Aw, what the heck. Here's the beginning of my e-mail exchange with Patrick, edited only by removing phone #s.
This is part of why I was stunned to *not* be selected for the LFC.
Due to Patch limitations, Patrick's response will be broken into two posts, with my response following on the 2nd one.
--- On Thu, 8/2/12, Patrick Mullen <email@example.com> wrote:
From: Patrick Mullen <firstname.lastname@example.org>
Subject: Got your message
Date: Thursday, August 2, 2012, 12:02 PM
Last night was an initial planning meeting. As a starting point, I invited anyone who indicated at the last few public facilities meeting that they wanted to help move the process forward. I will be happy to send you the notes from last night as soon as I get them and to add your name to those who want to be part of the conversation. One challenge we have is to come up with a more successful public engagement process than we had last year. I apologize for failing in that regard with you. The next important meeting is next Tuesday when the Board of Education meets (BoE building on Miramar, 7pm) to discuss what action they want to take on facilities. As things stand now, they delayed putting a bond issue on the ballot, but are still on record as supporting Plan C (grades 9-12 at Heights High, 4-8 at Monticello, Roxboro, Wiley, PreK-3 at a new Boulevard and renovated Canterbury, Oxford and Roxboro).
(Due to Patch limitations, Patrick's response will be broken into two posts, with my response following on the 2nd one.)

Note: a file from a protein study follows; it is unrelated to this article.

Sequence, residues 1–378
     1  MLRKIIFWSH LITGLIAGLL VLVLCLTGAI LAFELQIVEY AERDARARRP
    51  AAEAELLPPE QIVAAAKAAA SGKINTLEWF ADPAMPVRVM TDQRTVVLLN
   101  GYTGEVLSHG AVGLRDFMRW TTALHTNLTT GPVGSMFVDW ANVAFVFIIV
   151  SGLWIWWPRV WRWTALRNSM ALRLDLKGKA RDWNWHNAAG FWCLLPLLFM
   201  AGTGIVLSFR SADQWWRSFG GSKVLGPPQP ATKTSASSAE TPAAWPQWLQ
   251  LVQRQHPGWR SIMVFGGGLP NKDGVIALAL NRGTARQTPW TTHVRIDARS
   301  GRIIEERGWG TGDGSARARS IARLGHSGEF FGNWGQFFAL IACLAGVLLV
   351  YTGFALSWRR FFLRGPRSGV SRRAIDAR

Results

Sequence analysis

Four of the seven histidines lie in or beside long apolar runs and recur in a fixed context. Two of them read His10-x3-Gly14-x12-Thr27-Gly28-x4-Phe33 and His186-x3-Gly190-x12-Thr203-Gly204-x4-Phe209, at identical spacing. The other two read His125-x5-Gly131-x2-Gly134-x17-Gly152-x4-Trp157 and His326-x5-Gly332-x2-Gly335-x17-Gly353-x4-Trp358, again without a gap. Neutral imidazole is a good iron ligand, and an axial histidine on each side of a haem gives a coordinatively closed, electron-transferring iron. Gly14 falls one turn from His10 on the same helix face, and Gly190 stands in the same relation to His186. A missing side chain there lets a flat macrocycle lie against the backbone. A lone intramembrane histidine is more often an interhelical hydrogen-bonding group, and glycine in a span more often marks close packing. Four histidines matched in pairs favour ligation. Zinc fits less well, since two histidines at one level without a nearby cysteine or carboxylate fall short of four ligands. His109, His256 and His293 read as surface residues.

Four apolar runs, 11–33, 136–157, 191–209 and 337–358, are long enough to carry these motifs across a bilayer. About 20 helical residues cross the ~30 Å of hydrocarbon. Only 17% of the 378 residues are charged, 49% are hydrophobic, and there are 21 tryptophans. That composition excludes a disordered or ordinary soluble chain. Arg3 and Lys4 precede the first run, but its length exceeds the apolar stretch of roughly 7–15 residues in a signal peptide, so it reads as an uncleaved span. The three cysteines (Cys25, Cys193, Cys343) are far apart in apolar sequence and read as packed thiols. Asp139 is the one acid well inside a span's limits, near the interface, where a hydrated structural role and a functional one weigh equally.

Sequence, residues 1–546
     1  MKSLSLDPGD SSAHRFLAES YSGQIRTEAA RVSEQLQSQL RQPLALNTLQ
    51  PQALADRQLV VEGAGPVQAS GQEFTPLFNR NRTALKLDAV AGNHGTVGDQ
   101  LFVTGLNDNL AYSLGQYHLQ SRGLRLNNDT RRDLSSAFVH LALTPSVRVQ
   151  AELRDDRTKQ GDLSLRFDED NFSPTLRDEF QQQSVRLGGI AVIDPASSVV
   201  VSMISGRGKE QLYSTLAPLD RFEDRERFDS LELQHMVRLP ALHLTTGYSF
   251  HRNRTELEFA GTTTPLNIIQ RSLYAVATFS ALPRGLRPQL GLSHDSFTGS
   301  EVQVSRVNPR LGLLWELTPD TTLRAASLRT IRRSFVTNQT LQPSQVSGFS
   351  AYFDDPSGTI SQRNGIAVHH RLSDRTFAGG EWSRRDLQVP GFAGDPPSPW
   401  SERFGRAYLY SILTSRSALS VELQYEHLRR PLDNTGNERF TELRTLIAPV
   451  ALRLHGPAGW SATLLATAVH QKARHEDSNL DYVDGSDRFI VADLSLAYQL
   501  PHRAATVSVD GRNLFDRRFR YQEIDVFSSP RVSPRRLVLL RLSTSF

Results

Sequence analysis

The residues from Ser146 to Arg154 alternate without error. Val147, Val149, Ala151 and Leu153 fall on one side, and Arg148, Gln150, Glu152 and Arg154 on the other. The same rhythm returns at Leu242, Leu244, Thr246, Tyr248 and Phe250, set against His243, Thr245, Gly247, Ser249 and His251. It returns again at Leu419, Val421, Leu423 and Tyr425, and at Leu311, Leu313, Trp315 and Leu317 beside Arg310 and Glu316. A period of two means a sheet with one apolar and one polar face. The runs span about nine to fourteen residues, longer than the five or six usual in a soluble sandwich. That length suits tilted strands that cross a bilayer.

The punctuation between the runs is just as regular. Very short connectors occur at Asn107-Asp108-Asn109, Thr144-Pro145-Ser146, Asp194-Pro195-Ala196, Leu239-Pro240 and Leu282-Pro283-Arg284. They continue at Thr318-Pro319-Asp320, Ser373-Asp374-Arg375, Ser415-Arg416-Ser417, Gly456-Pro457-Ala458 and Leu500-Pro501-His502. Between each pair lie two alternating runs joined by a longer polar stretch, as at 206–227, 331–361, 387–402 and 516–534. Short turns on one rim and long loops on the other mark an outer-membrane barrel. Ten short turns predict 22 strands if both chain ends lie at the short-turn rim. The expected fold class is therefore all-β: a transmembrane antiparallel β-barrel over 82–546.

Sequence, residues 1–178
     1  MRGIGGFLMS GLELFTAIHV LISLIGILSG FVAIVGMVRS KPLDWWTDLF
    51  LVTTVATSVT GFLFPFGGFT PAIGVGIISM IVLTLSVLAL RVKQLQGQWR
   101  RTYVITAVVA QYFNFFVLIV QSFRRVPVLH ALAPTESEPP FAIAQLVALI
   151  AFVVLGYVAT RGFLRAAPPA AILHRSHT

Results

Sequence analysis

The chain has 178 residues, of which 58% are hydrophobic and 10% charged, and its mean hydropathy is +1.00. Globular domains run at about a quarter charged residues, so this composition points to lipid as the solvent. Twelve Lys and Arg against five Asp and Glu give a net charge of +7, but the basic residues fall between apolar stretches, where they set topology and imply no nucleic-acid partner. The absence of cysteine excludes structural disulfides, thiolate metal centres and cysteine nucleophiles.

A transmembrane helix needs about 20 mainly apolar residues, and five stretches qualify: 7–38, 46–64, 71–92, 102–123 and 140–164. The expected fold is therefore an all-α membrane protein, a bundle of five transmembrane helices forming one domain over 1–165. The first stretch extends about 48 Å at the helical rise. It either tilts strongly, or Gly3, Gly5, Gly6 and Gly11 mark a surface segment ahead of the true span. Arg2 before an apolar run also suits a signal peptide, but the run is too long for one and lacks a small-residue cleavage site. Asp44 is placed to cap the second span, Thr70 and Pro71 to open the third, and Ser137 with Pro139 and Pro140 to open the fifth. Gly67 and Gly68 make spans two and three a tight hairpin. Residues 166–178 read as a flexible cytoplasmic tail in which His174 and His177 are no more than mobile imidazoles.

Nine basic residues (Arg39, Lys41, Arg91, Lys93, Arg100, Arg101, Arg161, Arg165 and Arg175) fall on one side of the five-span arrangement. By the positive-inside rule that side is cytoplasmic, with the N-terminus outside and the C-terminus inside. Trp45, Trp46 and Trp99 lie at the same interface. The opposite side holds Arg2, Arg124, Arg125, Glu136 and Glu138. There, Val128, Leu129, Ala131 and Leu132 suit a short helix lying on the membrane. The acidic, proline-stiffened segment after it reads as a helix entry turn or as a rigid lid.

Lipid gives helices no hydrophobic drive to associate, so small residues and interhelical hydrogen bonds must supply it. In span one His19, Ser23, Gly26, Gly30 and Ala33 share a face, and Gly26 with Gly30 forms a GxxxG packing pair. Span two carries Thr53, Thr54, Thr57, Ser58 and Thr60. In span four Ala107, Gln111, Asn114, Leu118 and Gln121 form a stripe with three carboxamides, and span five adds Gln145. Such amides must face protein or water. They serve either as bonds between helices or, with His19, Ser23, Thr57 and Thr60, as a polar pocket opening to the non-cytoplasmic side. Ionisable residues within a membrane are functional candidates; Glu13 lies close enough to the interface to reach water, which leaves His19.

6:49 am on Thursday, May 23, 2013
Great post, Richard!
That first meeting was where the whole charade began. It was announced on the Patch about two hours before it took place.
I raised Hell about it via Michelle Simakis, and Patrick Mullen (who I did not know, or know of, at the time) sent me an e-mail explaining why it was such an emergency, and that he really, really, hoped I would get involved.
Well, there *is* no emergency to do this in 2013, and he and the rest made sure I couldn't be involved. Besides, you *make* time to do it right.
Here's a couple of my blogs about this...
11:50 am on Wednesday, May 22, 2013
I asked the following questions to the BOE and Administration via 2 e-mails:
According to this CH Patch article, the June BOE meeting may have "an extended public comment":
"School Board Vice President Nancy Peppler suggested holding an extended public comment during the next board meeting to collect more feedback on the plan."
I do not know what this means.
Does it mean I can speak for longer than 5 minutes?
Does it mean I can present an electronic audio-visual report, using district equipment?
Does it mean I can put a group presentation together?
Within this "extended public comment", will there be any opportunity for an interactive Questions and Answers session with the BOE? With the LFC?
If not, why not? We're talking about $255 MILLION, after all.
Also, would at least one person on this distribution please acknowledge receipt of this and my previous e-mail? Thanks.